A Day at the Pebble Beach Concours d’Elegance Car Show

A Day at the Pebble Beach Concours d’Elegance Car Show

Last week marked the annual Monterey Car Week, which was jam-packed with events, races, and competitions that would make anyone fall head over heels for auto design. Whether you’re a seasoned professional in the field, or just a sucker for beautiful machinery, Pebble Beach was the place to be.
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As an audio company that prides itself in craftsmanship, design, and performance, Master & Dynamic teamed up with Aston Martin to create a brand experience store in Carmel-by-the-Sea. It gave visitors a chance to explore a virtual test drive of the new DB11 while using Master & Dynamic headphones. It also included interactive displays with clay models that revealed the craftsmanship that goes into each design. 

After the "Aston Martin on Ocean" event ended on August 20, the festivities continued at Concours d’Elegance, which I was lucky enough to attend. Though I grew up surrounded by a family that’s obsessed with racing—from IndyCar and Nascar, to off-road racing—this was unlike anything I’ve ever seen before. As one of the most honored events at Pebble Beach Automotive Week, it brings together 200 of the rarest cars onto Pebble Beach Golf Links, and hands out prizes based on elegance, historical accuracy, technical merit, and style. 

Lining the water on the 18th fairway of Pebble Beach Golf Links was a grouping of sporty race cars ranging from the ‘50s through the ‘70s—all of which had their own distinctive character and action-filled histories. The blue and orange car in the front is a 1968 Ford GT40 Mirage, which came from Sandy, Utah. During its time, it marked the first win for the blue and orange Gulf livery, which has now become legendary. It also was used as a camera car in the film Le Mans by Steve McQueen.

Whether or not you fully understand all of the nitty-gritty details that go into these machines, it's hard not to appreciate the design and the rich history they hold. Wandering around Pebble Beach, I couldn't help noticing the devotion that the car owners held for these specimens and the care that’s gone into preserving them. Scroll through the following images to see some of the highlights and a number of design details that were groundbreaking when they were developed.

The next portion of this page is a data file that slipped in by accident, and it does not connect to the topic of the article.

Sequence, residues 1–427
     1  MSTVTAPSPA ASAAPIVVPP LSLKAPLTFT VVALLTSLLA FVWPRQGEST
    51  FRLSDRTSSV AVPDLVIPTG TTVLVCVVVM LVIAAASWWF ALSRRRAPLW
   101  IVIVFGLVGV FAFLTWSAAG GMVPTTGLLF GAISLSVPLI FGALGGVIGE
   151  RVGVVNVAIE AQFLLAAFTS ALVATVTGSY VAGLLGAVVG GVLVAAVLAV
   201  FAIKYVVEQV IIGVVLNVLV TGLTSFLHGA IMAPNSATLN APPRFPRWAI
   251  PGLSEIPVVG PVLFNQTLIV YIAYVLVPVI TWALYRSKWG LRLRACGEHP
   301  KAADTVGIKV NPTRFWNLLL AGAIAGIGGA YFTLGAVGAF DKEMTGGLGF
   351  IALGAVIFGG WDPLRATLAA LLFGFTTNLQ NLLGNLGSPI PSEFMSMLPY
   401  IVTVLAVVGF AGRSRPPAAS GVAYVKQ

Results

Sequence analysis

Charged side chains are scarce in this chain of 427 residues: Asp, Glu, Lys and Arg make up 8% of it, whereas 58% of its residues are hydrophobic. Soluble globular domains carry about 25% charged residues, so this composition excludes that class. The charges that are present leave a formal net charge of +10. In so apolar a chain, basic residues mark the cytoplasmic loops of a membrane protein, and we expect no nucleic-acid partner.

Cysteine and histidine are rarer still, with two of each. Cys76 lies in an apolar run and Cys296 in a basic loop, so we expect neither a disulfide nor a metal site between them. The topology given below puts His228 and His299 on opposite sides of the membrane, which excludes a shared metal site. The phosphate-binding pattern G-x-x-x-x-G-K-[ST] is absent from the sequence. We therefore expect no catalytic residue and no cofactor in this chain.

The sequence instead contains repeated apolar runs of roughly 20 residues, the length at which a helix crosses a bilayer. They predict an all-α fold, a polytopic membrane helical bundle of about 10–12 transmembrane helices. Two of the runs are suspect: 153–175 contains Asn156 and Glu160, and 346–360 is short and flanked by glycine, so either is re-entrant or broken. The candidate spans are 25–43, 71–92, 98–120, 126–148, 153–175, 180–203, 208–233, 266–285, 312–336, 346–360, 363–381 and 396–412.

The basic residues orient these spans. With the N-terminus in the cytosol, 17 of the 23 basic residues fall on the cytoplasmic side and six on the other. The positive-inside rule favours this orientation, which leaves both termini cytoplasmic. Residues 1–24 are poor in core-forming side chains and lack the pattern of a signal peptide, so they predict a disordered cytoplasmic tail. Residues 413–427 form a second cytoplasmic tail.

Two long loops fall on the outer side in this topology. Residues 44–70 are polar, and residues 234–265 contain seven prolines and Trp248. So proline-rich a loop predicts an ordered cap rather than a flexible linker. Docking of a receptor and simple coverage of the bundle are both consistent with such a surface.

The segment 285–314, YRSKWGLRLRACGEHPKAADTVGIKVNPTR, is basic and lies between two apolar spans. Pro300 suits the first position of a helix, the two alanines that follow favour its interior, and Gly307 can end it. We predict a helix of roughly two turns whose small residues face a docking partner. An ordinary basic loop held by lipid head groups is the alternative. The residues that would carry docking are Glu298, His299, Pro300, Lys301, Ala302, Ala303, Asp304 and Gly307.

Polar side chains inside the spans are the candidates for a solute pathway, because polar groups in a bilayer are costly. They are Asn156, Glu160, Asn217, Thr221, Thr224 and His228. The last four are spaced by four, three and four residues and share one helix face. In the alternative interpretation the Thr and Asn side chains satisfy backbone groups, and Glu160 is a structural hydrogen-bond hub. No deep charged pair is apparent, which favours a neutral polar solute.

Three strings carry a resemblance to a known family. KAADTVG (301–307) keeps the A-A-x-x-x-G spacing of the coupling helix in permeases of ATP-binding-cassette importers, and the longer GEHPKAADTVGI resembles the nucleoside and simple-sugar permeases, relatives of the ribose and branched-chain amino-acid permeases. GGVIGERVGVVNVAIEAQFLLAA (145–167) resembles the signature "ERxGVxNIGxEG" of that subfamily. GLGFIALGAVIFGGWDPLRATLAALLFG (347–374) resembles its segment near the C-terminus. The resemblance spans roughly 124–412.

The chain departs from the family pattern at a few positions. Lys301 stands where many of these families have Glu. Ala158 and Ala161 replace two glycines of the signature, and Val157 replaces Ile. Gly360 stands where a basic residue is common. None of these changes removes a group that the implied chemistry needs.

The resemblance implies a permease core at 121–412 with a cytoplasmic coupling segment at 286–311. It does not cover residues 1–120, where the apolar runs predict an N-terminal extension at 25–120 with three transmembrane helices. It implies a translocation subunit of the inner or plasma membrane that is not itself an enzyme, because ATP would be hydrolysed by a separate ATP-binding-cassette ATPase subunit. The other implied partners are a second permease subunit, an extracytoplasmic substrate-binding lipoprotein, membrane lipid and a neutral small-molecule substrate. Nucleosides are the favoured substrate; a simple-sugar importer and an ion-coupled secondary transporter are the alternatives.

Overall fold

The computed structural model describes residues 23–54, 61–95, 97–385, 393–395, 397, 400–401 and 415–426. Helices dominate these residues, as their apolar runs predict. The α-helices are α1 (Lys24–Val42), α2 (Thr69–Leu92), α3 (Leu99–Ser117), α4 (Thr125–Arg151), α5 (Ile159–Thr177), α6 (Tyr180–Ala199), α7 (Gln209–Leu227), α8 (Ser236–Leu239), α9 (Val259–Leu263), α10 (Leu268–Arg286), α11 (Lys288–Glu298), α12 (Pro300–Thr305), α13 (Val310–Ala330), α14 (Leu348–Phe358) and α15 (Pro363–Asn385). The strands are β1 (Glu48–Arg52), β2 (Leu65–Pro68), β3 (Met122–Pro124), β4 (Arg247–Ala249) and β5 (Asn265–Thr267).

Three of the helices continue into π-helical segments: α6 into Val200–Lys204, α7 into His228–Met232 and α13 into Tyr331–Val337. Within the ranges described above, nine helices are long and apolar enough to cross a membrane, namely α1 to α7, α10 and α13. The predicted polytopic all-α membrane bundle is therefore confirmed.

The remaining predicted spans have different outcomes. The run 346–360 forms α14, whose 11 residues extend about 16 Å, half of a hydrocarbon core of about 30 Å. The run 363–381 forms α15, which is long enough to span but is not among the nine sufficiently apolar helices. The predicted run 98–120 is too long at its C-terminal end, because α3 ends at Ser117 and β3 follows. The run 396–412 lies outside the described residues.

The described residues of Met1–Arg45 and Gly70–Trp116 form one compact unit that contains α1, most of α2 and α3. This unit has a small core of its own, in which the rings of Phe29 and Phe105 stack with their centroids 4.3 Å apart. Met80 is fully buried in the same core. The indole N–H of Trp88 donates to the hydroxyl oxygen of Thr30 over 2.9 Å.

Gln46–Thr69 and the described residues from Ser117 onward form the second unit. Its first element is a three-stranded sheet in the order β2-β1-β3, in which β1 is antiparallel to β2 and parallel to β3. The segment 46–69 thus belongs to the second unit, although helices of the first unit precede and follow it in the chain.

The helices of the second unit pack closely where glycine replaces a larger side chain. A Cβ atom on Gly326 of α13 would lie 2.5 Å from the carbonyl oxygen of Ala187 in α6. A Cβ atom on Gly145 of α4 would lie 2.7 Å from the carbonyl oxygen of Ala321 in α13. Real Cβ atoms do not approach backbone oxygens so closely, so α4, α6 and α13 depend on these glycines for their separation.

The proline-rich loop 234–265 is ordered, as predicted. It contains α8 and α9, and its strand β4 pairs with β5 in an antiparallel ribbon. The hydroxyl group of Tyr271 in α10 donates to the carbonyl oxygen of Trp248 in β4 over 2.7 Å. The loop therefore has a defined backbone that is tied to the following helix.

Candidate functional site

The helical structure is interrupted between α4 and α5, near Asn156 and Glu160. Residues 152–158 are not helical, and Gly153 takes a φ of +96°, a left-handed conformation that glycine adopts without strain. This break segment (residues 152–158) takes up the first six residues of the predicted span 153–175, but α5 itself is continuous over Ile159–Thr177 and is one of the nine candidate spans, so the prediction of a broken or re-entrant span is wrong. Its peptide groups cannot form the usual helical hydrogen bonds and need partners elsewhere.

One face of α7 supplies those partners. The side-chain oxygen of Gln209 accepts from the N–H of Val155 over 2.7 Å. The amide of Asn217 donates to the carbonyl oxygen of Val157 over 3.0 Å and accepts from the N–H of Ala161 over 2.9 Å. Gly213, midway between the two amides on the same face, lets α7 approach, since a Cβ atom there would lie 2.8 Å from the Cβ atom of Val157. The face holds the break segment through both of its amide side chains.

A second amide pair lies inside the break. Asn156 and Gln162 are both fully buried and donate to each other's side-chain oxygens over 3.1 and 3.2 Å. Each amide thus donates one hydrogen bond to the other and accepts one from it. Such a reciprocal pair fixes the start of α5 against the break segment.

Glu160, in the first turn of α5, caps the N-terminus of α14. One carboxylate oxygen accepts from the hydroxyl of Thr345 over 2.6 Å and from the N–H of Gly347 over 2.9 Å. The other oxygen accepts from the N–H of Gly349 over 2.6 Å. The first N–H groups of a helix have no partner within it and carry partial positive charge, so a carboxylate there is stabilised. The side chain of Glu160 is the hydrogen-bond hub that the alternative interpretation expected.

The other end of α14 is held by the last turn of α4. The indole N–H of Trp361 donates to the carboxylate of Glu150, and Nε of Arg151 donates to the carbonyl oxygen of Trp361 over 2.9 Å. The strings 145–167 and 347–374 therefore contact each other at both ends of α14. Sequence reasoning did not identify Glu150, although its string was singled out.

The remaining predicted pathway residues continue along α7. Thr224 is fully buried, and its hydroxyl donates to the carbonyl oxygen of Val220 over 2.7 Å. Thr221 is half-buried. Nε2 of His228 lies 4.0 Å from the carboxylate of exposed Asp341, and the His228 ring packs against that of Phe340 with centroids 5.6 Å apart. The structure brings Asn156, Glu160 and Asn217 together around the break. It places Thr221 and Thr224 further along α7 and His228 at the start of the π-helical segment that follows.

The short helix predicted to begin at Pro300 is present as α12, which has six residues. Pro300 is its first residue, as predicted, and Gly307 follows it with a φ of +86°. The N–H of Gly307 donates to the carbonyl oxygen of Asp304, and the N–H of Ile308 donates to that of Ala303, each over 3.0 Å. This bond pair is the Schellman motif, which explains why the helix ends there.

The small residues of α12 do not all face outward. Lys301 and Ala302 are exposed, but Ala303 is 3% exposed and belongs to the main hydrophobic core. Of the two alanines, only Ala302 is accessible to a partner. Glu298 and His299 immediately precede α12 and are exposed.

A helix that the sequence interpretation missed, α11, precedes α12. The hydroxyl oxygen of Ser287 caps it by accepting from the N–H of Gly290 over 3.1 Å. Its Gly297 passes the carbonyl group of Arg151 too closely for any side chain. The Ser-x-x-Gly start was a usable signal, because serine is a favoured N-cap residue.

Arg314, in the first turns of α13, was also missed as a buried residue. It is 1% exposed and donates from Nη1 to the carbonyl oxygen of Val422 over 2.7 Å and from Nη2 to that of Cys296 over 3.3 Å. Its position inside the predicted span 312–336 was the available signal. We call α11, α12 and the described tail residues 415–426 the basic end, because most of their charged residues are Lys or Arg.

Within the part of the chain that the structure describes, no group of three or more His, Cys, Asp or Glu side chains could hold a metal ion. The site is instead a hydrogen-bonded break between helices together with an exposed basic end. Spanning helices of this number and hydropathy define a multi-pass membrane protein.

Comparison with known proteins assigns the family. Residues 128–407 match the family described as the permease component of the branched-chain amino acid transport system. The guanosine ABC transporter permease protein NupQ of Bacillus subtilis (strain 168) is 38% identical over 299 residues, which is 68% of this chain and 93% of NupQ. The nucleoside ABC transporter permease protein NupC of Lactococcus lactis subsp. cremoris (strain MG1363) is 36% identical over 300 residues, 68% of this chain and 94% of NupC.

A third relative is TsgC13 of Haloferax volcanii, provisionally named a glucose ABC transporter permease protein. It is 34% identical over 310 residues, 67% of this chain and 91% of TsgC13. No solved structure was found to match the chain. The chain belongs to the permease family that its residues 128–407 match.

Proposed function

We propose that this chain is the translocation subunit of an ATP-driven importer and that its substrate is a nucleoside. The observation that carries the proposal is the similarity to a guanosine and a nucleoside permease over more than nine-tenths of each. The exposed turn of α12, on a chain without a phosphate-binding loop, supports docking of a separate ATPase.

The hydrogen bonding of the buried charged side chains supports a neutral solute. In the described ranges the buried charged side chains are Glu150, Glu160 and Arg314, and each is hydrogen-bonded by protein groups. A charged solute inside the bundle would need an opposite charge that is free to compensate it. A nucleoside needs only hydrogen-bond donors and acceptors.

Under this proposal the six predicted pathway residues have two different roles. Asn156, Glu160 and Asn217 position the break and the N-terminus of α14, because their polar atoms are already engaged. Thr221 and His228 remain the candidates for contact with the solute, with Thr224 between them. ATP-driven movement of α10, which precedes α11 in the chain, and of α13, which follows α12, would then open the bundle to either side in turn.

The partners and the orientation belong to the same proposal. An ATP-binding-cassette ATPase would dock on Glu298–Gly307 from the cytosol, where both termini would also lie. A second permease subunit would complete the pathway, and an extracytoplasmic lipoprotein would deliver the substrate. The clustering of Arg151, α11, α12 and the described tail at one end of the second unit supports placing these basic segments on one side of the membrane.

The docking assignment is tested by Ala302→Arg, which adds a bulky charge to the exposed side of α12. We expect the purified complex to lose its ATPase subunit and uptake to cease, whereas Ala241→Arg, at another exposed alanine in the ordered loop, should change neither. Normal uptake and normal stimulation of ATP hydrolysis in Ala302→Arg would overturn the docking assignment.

Brought to the event by the Revs Institute for Automotive Research, Inc. in Naples, Florida, this 1966 Ford GT40 raced for the first time at the 12 Hours of Sebring race in 1966. After enduring several eventful races, it concluded its career after participating at Montlhéry. It’s been carefully preserved ever since.  

Coming from Portland, Oregon, this Porsche 356 SL Coupe was one of only four cars that were prepared for the 24 Hours of le Mans race in 1951. It was the only one that made it to the race without crashing. Though it finished 20th overall, it won first in its class (1100 cc), which became Porsche’s first win in an international race and marked the beginning of its extended connection to international endurance racing.

Towards the end of 1958, Maserati developed this front-engined, 2-liter prototype Tipo 60 at a time when many race car designers were starting to lean towards rear-engined builds. In 1959, it was tested for the first time on the road between Modena and Verona, and went on to partake in multiple races. It retired at the end of 1963.

In 1939, Carrozzeria Touring in Milan built this "superleggera" body on a BMW 328 chassis to be used for long-distance racing. Its lightweight and aerodynamic shape allowed it to hit a top speed of 137 and completed the 24 Hours of Le Mans race in 1939.

Shown from the back, the touring coupé completed its last race at the Ruhestein Hillclimb in 1946—the first German race held after World War II. After BMW Classic restored it to its original condition, it was put on display at the BMW Museum in Munich, German.

Built in 1971, the Lamborghini Miura SV Bertone Coupé was the last and most developed creation of Lamborghini’s supercar. This particular one was the only version completed in Blue Medio and has been restored to its original color scheme. Notice how every detail of the interior is impeccably lined with matching blue leather. 

The 1926 Hispano-Suiza H6B Chapron Cabriolet was re-bodied in 1931 by Henri Chapron for the 1932 Paris Salon de l’Automobile and is thought to have been owned by the king of Tunisia. After being brought to the U.S. in the ‘50s by Alec Ulmann, it was sold to Joe Weider in NY, who owned it for 40 years.  

The experience would not have been complete without a wide array of attendees—all hailing from various backgrounds from all over the world. We had to capture this moment with one of the car’s owners.

Master & Dynamic’s headphones can be found at Aston Martin’s Dover Street boutique in London or at any of their global dealerships. To learn more about their range of audio accessories, make sure to read about their In-Residence series with indie band Wet.


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